In the Nepali Tarai, colloquial Hindi functions as a contact language. A Rajbanshi of Jhapa, who speaks Rajbanshi with a fellow Rajbanshi and Nepali with Nepali speakers, communicates in colloquial Hindi or Maithili with Maithili, Bhojpuri and Awadhi speakers from different parts of the Tarai. In this sense, Hindi is both an Indian as well as a Nepali language like Maithili, Bhojpuri, Nepali and others and so is a contact language of non-Nepali speaking inhabitants of the Tarai from Mechi to Mahakali. Also, unlike Nepali, which gives undue advantage to those who speak it as a mother tongue, Hindi is only a lingua franca, and very few people speak it with the advantage of 100 percent correctness.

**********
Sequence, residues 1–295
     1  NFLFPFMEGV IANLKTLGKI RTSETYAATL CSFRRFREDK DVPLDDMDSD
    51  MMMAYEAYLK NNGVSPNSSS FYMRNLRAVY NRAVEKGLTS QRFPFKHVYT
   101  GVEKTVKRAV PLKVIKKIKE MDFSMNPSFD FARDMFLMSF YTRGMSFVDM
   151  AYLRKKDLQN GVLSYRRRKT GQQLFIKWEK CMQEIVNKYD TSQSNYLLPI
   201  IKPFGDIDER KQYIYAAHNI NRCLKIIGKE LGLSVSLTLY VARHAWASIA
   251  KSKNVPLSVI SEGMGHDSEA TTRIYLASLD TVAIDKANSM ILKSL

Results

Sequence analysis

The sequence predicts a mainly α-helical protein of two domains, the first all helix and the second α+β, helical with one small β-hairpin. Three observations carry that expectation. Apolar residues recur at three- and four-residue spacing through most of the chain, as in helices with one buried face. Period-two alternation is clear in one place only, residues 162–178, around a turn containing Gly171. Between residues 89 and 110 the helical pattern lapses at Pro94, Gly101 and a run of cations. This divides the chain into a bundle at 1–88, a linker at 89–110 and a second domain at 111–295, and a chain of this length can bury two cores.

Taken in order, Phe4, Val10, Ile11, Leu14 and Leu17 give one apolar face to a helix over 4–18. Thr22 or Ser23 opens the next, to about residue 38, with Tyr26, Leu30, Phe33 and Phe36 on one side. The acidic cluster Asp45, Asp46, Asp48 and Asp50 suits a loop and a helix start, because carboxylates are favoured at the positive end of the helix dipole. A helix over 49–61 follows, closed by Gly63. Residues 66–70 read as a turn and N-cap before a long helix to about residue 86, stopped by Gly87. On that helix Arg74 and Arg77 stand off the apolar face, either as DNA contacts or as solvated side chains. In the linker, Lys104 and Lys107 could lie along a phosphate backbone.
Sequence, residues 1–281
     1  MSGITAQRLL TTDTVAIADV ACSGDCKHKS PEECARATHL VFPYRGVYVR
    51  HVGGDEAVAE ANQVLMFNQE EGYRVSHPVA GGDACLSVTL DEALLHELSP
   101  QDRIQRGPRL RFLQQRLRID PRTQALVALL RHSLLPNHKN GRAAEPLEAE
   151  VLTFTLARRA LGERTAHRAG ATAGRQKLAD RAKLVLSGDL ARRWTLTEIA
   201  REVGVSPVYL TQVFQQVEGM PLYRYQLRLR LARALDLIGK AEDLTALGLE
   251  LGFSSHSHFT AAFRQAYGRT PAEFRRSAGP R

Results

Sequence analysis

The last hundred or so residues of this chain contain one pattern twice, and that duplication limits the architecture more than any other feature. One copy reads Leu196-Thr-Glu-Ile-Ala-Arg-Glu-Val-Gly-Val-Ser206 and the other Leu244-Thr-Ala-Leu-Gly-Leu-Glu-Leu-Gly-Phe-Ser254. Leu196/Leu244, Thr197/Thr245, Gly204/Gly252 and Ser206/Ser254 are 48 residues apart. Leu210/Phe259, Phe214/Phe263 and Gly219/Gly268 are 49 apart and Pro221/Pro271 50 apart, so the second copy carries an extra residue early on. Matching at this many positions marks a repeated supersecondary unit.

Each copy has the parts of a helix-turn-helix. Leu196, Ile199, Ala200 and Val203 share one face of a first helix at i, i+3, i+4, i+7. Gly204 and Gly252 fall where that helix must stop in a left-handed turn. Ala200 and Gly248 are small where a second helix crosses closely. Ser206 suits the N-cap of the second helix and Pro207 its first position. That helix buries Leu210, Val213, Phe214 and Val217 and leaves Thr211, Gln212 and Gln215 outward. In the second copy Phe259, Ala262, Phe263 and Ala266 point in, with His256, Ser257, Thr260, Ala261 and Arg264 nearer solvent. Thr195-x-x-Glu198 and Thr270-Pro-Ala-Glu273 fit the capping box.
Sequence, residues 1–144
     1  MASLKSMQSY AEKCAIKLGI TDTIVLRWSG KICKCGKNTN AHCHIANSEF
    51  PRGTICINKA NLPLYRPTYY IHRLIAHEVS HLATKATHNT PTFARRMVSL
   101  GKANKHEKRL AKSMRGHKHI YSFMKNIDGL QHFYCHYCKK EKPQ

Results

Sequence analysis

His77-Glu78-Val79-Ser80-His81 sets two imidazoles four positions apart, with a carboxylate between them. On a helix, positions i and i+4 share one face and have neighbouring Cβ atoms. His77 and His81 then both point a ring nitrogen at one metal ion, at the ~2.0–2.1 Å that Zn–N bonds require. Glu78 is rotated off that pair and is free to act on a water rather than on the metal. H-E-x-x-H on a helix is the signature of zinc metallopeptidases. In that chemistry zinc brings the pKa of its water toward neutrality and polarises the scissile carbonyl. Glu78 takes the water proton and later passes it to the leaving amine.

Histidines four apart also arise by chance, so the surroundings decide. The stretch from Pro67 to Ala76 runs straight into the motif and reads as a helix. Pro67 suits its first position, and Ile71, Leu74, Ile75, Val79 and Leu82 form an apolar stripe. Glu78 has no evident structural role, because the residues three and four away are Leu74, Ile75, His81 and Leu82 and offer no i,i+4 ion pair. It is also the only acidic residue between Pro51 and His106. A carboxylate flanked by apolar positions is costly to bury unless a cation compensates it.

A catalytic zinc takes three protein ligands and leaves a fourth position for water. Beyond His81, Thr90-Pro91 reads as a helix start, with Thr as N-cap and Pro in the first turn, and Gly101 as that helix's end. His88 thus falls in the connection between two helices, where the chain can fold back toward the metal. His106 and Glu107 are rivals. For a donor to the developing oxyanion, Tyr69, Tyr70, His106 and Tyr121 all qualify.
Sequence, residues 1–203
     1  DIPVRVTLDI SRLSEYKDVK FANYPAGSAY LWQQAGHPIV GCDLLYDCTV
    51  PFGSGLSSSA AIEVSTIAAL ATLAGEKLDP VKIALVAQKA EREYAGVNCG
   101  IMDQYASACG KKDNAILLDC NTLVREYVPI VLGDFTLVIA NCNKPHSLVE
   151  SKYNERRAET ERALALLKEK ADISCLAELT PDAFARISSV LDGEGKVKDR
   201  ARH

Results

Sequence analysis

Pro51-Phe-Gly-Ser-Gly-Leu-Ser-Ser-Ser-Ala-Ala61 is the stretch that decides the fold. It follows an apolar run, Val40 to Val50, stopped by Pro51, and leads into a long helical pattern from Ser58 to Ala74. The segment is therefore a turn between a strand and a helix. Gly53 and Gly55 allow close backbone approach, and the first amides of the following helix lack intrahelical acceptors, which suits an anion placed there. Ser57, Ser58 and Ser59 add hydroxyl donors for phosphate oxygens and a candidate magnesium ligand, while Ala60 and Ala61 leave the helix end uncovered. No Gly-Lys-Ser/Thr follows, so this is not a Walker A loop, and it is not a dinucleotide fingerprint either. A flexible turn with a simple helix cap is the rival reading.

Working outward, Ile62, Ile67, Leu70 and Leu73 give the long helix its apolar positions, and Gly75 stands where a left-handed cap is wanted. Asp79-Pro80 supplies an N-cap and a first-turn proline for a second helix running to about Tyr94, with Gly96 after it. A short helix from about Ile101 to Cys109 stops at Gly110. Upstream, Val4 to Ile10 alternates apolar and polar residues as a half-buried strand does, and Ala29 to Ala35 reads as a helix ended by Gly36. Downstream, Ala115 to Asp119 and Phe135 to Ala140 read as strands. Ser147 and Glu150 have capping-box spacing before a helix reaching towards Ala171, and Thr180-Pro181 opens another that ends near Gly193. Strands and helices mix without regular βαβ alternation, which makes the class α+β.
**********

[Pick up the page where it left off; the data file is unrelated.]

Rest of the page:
At any rate, the language (be it Nepali or Hindi or any other language), dress or culture of any one ethnic group or region thus cannot be the symbol of nationalism in any country with a multi-lingual and multi-cultural population and a complex history. Like the monarchy and religion, they have become pillars of the old nationalism; they spell trouble for a pluralist society in a democracy. Old nationalism, a colonial gift of 18th-century Europe, has caused much bloodshed the world over. It has outlived its use even for Europe; and in new Nepal, one should rather say, good riddance!